At 28 upper Pembroke street, Charlie Dalton and Paddy Flanagan burst into the rooms of two officers and shot them. One was in bed and was, in Dalton’s recollection ‘told to stand up and then shot’. Dalton wanted to search the room for papers, but Flanagan told him ‘search be damned, let’s get the hell out of here’.
Next door at number 29, a further five officers were shot though not all fatally. Many were shot in front of their wives.
Caroline Woodcock (whose husband was shot four times but survived) watched her husband and another officer, Hugh Montgomery shot in front of her. She recalled:
‘Never to my dying day shall I forget the scene in the hallway and in the stairs where four officers had been shot.
There were great splashes of blood on the walls and stairs and bits of plaster were lying about and on the walls were marks of innumerable bullets. Fortunately, the murderers had been so panic stricken themselves and their hands so shaky that their firing had been wild in the extreme’.
"May the Lord have mercy on your souls"
Where seasoned Squad gunmen were involved, there were no such ‘mistakes’. Vinny Byrne told two officers, Ames and Bennet at 22 Upper Mount Street, ‘may the Lord have mercy on your souls’ before shooting them down with his ‘Peter’ automatic pistol.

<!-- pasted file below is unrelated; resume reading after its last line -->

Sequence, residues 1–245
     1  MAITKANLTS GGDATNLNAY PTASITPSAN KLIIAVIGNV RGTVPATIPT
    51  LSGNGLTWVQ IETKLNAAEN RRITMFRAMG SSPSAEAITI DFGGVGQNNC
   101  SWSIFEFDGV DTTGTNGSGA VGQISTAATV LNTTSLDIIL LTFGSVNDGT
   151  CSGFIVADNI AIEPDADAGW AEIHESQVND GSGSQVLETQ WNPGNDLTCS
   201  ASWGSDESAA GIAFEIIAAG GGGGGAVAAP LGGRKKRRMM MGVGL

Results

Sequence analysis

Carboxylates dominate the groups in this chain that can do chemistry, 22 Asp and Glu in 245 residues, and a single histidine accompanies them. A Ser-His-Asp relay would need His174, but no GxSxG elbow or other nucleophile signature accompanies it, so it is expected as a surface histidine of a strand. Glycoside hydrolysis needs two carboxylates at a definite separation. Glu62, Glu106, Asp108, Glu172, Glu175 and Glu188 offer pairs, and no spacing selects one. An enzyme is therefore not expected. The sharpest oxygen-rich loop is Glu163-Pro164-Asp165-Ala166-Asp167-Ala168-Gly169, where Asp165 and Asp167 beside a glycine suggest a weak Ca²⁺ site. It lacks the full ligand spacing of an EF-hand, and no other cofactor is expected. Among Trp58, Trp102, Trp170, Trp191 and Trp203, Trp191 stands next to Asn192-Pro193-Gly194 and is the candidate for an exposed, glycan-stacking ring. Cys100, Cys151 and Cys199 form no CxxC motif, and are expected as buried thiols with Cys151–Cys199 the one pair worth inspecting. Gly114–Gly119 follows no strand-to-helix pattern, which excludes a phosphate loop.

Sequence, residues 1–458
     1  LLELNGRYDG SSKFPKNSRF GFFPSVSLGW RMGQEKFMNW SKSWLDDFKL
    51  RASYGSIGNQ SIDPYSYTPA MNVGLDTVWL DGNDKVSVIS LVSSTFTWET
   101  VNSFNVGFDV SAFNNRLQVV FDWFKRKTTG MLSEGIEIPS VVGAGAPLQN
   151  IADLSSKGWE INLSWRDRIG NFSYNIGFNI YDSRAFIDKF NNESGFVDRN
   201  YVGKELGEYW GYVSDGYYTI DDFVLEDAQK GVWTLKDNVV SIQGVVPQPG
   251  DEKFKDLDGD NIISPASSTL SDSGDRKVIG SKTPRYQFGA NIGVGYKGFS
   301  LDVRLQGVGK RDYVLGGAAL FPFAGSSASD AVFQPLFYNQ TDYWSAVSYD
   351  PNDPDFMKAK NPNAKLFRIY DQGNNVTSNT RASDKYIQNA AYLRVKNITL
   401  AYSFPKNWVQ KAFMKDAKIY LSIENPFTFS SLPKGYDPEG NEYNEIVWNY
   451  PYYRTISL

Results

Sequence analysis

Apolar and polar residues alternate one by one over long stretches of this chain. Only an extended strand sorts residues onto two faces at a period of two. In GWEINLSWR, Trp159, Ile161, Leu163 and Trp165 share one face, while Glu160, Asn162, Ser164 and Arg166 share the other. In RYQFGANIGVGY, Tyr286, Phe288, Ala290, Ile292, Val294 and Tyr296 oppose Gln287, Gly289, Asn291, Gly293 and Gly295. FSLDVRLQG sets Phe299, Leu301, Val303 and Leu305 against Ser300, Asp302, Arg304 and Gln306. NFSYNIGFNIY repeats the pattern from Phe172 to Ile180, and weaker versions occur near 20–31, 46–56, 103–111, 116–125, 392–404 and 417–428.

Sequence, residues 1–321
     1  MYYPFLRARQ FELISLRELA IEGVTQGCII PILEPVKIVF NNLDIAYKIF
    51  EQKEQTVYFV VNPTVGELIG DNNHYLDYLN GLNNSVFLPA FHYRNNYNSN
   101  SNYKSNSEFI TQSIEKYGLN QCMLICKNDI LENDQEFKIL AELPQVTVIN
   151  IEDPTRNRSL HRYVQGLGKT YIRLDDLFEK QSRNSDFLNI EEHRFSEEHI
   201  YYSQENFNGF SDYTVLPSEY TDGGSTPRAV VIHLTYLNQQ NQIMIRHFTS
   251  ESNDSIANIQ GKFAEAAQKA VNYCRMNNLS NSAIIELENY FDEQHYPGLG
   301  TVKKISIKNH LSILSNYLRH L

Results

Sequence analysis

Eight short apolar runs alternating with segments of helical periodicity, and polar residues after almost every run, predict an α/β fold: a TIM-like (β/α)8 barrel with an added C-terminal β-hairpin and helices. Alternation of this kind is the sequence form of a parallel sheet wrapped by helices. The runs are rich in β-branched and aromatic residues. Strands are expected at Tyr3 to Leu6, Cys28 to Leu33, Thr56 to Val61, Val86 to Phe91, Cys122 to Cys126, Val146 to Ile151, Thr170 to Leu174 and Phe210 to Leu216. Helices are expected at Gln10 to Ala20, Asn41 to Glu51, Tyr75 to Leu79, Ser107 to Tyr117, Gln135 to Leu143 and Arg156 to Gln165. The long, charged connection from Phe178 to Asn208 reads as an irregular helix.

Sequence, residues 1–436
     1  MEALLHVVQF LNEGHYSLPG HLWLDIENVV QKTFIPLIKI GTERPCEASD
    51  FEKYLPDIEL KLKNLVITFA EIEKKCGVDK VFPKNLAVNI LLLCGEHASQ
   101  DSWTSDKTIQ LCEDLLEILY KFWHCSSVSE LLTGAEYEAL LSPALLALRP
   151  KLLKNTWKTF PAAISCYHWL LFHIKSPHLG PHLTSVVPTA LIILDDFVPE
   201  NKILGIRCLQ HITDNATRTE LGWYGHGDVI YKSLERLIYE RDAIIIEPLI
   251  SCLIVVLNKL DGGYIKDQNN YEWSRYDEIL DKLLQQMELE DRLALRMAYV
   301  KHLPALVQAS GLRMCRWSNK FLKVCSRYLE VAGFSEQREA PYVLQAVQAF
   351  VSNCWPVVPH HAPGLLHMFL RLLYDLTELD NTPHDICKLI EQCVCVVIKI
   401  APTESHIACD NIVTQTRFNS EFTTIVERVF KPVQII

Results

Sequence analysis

At 92 Lower Baggot Street, Squad member Bill Stapleton recalled that his target, Captain Newbury, tried to escape through window:
He was in his pyjamas, and as he was attempting to escape by the window, he was shot a number of times. One of our party on guard outside fired at him from outside. The man's wife was standing in a corner of the room and was in a terrified and hysterical condition.
Captain William Newbury’s wife was pregnant. She watched as he was shot trying to climb out the window, then questioned while lying wounded about his papers and finally shot in the head.
In Ranelagh, Todd Andrews’ target, Captain Nobel was not in, but he recorded that IRA Intelligence officer Joe Dolan beat Nobel’s girlfriend and set fire to her room in a search for Nobel’s papers.
There were further fatal shootings at Earlsfort Terrace, Morehampton Road and Lower Mount Street, and the Gresham Hotel. Two Auxiliaries who happened upon the shootings at Mount Street were also killed.
By ten o’clock 15 people had been shot dead; nine of them were British officers, of whom six were confirmed Intelligence agents and two courts martial officers and one staff officer.
Two Auxiliaries and one RIC officer, were killed along with one off duty officer, McCormack, who may have been targeted by mistake, a man, Wilde, who may or may not have been an intelligence officer, and a civilian landlord who seems to have simply been in the wrong place at the wrong time. Five more officers were shot and wounded.
'The very air is made sweeter'